Carrots were utilized a lot during WW2..
They were promoted as a secret weapon against the enemy enabling pilots to see in the dark and civilians on the home-front were encouraged to eat up their carrots to help them see during the black-out and children warmed to “Doctor Carrot”- the children’s best friend.
Carrots were also rather sweet when cooked and used as a replacement for sugar or other foodstuffs in short supply because of the decrease in imported goods.
Today I tried carrots in a “mock apricot flan” recipe from the Ministry of Food. It was incredibly sweet and perfectly acceptable and I’m sure rather popular during WW2. I made mine into small mini-flans and served them with some mock cream
Mock apricot flan
- 1 lb finely grated young carrots
- 4 drops almond essence
- 4 tablespoons of plum jam (6 tablespoons in North America)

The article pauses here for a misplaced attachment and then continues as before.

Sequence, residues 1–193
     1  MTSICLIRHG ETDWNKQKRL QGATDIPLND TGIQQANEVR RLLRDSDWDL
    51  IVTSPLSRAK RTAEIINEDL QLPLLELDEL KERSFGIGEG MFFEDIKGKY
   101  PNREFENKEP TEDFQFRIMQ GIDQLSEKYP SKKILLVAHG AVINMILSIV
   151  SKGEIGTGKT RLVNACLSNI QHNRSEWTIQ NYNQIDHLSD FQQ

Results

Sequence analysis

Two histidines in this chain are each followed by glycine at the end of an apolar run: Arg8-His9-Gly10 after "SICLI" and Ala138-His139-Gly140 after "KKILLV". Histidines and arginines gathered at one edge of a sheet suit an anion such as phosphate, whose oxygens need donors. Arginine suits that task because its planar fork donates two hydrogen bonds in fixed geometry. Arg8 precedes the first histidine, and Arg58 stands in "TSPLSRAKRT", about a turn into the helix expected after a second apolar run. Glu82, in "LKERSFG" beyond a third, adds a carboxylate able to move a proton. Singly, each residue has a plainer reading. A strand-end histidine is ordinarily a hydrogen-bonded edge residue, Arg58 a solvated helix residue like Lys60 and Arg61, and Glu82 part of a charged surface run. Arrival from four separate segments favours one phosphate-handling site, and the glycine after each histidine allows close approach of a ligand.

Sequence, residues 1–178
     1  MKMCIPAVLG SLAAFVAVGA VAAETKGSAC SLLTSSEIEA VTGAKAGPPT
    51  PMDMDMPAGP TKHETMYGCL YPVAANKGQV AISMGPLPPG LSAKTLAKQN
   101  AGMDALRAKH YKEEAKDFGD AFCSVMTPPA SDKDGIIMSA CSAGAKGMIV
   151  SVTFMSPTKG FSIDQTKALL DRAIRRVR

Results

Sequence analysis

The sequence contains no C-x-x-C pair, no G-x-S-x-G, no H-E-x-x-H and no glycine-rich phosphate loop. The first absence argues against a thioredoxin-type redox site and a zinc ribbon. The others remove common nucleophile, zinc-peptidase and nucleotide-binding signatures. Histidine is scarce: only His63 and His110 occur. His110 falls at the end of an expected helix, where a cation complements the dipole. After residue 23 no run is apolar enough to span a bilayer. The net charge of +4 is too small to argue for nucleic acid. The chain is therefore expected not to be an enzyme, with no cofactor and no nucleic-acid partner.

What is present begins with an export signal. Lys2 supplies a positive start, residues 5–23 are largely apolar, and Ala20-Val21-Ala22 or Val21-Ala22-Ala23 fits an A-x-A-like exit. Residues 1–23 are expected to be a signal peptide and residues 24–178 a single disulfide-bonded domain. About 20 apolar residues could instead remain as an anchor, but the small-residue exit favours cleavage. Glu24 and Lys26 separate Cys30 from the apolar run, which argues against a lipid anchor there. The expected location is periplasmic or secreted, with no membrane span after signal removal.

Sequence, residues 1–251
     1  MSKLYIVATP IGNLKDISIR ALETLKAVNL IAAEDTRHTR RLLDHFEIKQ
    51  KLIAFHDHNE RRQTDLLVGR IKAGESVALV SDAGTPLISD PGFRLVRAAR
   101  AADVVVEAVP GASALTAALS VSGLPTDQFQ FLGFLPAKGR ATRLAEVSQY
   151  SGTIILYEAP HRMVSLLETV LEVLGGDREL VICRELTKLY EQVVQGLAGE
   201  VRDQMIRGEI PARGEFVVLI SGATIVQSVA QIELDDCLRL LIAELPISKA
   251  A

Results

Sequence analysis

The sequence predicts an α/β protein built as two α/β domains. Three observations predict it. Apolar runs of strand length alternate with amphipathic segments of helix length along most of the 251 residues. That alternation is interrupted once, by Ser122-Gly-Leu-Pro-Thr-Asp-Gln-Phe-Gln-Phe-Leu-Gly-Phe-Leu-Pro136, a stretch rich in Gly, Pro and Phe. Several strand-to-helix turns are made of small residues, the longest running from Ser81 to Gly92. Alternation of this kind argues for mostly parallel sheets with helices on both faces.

- 4 tablespoons water (6 tablespoons in North America)
- Shortcrust pastry/oatmeal pastry/potato pastry
- Line a large 9 inch flan dish or pie dish with shortcrust pastry (or make small individual pies like I did)
- Bake without filling in a moderate oven for 25 minutes until golden brown
- Meanwhile place the grated carrots, jam, water and almond essence into a saucepan
- Bring to a simmer and cook gently and stir for around 20 minutes until you achieve a thick pulp
- Spoon into the cooked flan case and return to oven for 5 minutes
- Serve with custard or mock cream
I have a recipe for carrot jam – which was often called ‘Arabian Jam’ or ‘Angel Hair Jam’ apparently! [presumably the long golden strands of grated carrot were meant to look like angel hair]
That looks nice.
Roll on, Saturday – cooking day! I’m going to make this, plus Lord Woolton pies, using potato scone dough as pastry, and probably the prune flan too.
Carolyn, you are looking more amazing all the time, so happy and healthy, and obvious weight loss.
Thank you Suzanne- you are too kind! Mmmm I loved those potato scones- you talking about those again makes me want to make a bunch again. I’ll have to check my rations!!
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I remember my old granny making this. And we weren’t even in wartime. Thanks for the blast from the past.
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